UIC, Vanda Pharmaceuticals partner to develop antiviral against COVID-19

Ultrastructural morphology exhibited by the 2019 Novel Coronavirus

The University of Illinois College of Medicine and Vanda Pharmaceuticals are partnering to develop an antiviral drug to fight against SARS-CoV-2.

The project is led by Bellur S. Prabhakar, UIC professor of microbiology and immunology and senior associate dean for research in the College of Medicine. Collaborators include the UICentre for Drug Discovery, led by director Gregory Thatcher, and the High-Throughput Screening Core, led by director Kiira Ratia.

During the virus infection process, the virus attaches to a receptor protein on the cell surface. Then the virus uses a cell enzyme (cathepsin-L) to cut its surface glycoprotein (S protein). The exposed part of S protein fuses with the cell membrane and establishes infection by emptying its genome inside the cell and replicating. The UIC team of scientists will develop inhibitors of SARS-CoV-2 entry into cells to fight against COVID-19.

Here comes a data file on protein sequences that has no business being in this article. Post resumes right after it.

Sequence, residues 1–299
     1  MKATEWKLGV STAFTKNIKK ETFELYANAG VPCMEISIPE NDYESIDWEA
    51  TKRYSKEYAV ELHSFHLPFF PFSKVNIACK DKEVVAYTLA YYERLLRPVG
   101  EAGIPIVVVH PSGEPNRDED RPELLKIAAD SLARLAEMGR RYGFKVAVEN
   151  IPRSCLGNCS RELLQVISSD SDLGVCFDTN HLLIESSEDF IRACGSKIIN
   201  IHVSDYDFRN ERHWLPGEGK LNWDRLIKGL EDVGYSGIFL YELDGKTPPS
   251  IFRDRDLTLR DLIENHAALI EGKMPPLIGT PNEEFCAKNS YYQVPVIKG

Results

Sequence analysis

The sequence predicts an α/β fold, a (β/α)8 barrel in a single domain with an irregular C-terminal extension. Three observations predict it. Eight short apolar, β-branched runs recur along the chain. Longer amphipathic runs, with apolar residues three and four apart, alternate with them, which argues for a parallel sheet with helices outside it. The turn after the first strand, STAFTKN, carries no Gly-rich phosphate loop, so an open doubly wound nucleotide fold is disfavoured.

“We can readily deploy the high-throughput screening we had developed to successfully screen for small molecules that specifically inhibited cathepsin-L mediated cleavage of SARS, Ebola, Hendra and Nipah derived proteins, and entry of pseudotyped virus into cells,” Prabhakar said. “Given the similarity between SARS-CoV and COVID-19, we expect to identify potential drug candidates to treat COVID-19 infection.”

Because these viruses cannot live outside the cell for a long period of time, viral entry into the cell can be readily inactivated by various chemicals and proteins in the extracellular body fluids. A drug is expected to attack the earliest stages of virus infection and protect the host.

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